More over at SCOTUS Blog, Josh Blackman’s Blog, Volokh Conspriacy and Hot Air.

6 replies
  1. SoundOffSister
    SoundOffSister says:

    You are absolutely correct, Steve.

    The question presented in the Chicago case that the Supreme Court will hear is whether the right to bear arms is a right "fundamental" to the founding of our country.  If it is a "fundamental" right than it is "incorporated" into the laws of every state. 

    As you point out, the Ninth Circuit Court of Appeals earlier this year in the Nordyke decision, held that the right to bear arms was a fundamental right, and thus was incorporated into the laws of California.

    Pages 19 through 27 of Nordyke provide an illuminating discussion of the origins of the 2nd Amendment and are well worth anyone's time to read.

    Both Nordyke and Heller recognize that the federal government and the states can ban guns in certain places, but they cannot put unreasonable restrictions on the right to bear arms so as to effectively ban arms entirely.

    Personally, I would love to be present in the Supreme Court to hear the arguments in the Chicago case.  I suspect it will be a "lively" discussion.

  2. Steve McGough
    Steve McGough says:

    A law professor letting me know I'm "absolutely right" concerning a legal matter is quite the self-esteem builder. … yet, very scary at the same time  😉  Thanks!

    • Wyndeward
      Wyndeward says:

      Could someone please explain it to Mr. Fineman over at Newsweek?  He doesn't seem to understand the issue of incorporation or even that it is the Supreme Court's role to make rulings when the issue has been decided differently in different circuits.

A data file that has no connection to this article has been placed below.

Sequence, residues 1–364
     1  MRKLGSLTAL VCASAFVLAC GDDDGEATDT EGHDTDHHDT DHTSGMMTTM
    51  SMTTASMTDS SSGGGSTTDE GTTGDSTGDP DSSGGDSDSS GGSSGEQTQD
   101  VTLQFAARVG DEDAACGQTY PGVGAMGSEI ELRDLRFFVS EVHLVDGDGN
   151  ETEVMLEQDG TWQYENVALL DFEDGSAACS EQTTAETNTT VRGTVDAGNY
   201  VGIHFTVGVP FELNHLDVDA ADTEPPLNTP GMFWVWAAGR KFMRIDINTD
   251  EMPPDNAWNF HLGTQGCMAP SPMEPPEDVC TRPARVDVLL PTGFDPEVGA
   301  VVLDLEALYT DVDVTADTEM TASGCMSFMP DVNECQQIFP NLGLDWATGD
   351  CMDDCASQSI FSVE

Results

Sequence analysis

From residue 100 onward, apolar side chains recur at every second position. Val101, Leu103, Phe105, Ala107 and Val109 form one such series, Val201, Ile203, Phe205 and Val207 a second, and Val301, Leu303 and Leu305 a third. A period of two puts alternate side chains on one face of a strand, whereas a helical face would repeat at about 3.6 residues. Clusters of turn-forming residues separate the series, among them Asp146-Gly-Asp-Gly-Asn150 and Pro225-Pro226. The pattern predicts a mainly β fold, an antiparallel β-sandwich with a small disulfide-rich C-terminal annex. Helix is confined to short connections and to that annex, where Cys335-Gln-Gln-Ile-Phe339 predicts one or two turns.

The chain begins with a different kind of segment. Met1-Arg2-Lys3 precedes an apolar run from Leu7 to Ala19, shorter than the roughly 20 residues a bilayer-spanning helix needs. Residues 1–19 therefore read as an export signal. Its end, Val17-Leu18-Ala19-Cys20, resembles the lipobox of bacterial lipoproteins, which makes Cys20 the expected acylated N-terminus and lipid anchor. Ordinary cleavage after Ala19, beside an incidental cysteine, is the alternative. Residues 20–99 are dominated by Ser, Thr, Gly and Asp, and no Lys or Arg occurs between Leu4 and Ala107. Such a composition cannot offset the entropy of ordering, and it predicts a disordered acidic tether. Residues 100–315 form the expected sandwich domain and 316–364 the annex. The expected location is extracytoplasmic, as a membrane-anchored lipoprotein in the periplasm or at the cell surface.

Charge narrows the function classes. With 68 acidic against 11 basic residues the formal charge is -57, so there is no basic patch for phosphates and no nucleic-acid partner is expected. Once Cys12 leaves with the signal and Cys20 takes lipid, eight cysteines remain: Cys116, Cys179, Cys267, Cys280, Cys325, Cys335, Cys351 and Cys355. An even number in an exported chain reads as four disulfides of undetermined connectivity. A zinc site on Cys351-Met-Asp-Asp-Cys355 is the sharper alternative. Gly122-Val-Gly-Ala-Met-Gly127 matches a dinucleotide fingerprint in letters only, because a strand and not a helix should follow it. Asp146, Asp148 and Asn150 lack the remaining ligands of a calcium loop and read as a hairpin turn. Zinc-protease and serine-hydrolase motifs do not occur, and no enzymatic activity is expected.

Even arch-liberal Tribe "gets it."

  3. Dimsdale
    Dimsdale says:

    There is a rather illuminating discussion of this topic at

     
    http://www.independent.org/newsroom/article.asp?i
     

    Worth the quick read, particularly in reference to heavy duty liberal Harvard law professor Laurence Tribe's realization that "The people's 'right' to be armed cannot be trumped by the [Second] Amendment's preamble."

     

    Your observation that Democrats use/twist/ignore/redefine/ the law to suit their own political expedience is exemplified by the recent decision by the MA legislature to fill Kennedy's seat in defiance of a law Kennedy himself worked to put into place (to foil then Gov. Mitt Romney's possible opportunity to fill Kerry's seat if he won the election).

  4. PatRiot
    PatRiot says:

    –  Let's cut to the chase.  Rights that we were born with (some say God given) are not subject to legislation, unless to ensure their protection, hence, the Constitution. 

    –   These rights belong to each individual and have no boundaries.

    –  The Constitution establishes other rights and gives us the tools to keep Government in line and our Republic whole.

    -This is what America is about and who we are.  It is the heart of every issue we face.

    –  Bring the focus back to this on every issue and we can prevail. "I was born with that right…."  The Constitution guarantees my right…"  "The Constitution doesn't allow…."          " That is against the Constitution…"  " Common sense says…." " Your oath…"

    –  The common sense of this and the growing will to fight for them is spreading rapidly.

  5. Lazybum
    Lazybum says:

    Wait- As I interpret the Chicago Way concerning gun laws, it is a constitutional right to keep and bear arms, but you can't buy them. Since few people are giving them away, one could infer that to enjoy the right you would have to steal them. Are they saying that a non-felon with a stolen or "found" firearm is ok but an honest citizen who purchases on is not ok?

    I am not getting it.